After lurking in Western New York’s theatrical wings for 12 years, “The Phantom” is back in town. And someone needs to give the guy a Xanax.
A refreshed tour of one of the most popular musicals of all time, “Phantom of the Opera, featuring one of the more neurotic Phantoms ever to skulk his way through Andrew Lloyd Webber’s spectacle-laden tale of love and longing, opened a two-week run Wednesday in Shea’s Performing Arts Center.
The visually intoxicating affair, save for one slight technical glitch (could it have been the Phantom of Shea’s?) toward the end of the first act that actually helped the flow of the musical, went off with military precision.
It’s tough to ignore the suitability of an opulent showplace like Shea’s, now more grand than ever, for a musical that basks in its own opulence to the extent “The Phantom of the Opera” does. There’s something intoxicating about the way Laurence Connor’s staging, Paul Brown’s magnificent sets and Paule Constable’s often awe-inspiring lighting design blends into the theater itself.
Courtesy of producer Cameron Mackintosh, the new tour has received something of a face-lift – no offense to the title character – in order to pull some of its more fantastical elements closer to earth and make the central love triangle more believable. I’m not sure why anyone would be interested in adding subtlety and complexity to a musical that succeeded precisely because it lacked those qualities. But happily for super-Phans, the changes are largely cosmetic.
What makes the greatest impact in the production is not the searing pyrotechnics or the plummeting chandelier, which now drops straight down instead of swinging out, but the extraordinary stage pictures the tour’s design team have put together. In the third scene, the corps de ballet prepare for the next number in front of a grand mirror in a beautiful scene that looks like a Degas painting brought slowly to life. The opera’s offices, where so many dreary scenes based on so many dreary plot points unfold, is a blood-red Matisse splashed across three walls. Maria Bjornson’s costumes match their lush surroundings.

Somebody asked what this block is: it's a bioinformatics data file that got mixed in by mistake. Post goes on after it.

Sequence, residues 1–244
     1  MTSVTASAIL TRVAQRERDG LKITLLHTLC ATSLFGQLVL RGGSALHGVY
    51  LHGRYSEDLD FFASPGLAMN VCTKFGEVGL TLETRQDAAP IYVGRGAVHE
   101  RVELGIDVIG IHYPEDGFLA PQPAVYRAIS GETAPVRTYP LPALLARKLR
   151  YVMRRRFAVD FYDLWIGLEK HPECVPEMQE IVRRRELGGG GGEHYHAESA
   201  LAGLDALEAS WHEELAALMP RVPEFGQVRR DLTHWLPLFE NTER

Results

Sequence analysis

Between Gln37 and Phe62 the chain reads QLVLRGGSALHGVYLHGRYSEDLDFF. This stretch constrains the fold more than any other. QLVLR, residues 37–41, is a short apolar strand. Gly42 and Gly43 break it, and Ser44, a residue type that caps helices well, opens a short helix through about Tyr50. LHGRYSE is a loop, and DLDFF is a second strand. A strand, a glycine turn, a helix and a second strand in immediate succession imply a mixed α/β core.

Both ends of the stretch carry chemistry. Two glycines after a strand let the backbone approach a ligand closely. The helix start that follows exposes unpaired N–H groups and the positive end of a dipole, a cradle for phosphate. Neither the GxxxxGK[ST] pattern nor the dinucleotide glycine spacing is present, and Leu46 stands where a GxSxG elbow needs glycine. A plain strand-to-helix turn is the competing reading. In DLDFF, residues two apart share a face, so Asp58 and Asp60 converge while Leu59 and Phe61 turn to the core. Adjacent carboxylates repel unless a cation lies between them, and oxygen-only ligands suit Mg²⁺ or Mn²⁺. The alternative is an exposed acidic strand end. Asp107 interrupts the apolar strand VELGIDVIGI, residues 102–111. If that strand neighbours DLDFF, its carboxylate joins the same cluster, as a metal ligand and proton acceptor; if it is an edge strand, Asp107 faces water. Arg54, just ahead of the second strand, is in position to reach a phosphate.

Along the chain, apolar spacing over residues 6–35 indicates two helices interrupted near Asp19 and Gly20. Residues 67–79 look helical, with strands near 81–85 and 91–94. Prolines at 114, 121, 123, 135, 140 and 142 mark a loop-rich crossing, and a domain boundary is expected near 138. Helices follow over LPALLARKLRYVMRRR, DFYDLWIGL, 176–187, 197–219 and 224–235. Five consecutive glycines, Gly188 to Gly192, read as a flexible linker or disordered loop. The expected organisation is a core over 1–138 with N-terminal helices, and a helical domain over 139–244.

Chris Mann’s approach to the title character is frenetic to the point of distraction. His insistence on living at the edge of the character’s neurosis throws off his diction enough in several instances to make Charles Hart’s lyrics even more indecipherable than they were to begin with. But what’s more, that often strained neuroticism gives the campiest scenes in the show, especially the synth-laden title number, an unwelcome edge of absurdity.
As Christine, on the other hand, Katie Travis is a delight throughout.
Never does Travis overplay her character’s naivete and she hits her notes with an addictive soprano that floats in the perfect space between airiness and warmth. She saves nearly every exchange with Mann’s Phantom from veering into camp territory by imbuing their exchanges with a sensitivity that, frankly, the musical and its characters rarely inspire.
The story of “Phantom” – disfigured genius woos gifted ingenue only to lose her to cardboard rich dude – is less than compelling. But Lloyd Webber’s score, treacly though some Broadway habitues and other experts may rightly call it, contains more than its share of gorgeous melodies. From the opening chromatic organ chords embedded into the minds of a generation of theatergoers to the soaring themes of “Think of Me,” “Angel of Music” and “The Music of the Night,” the melodies are what has made this show what it is.
Those melodies remain in top form and, amid a smart and sumptuous visual redesign, sound as fresh as they did 12 years ago.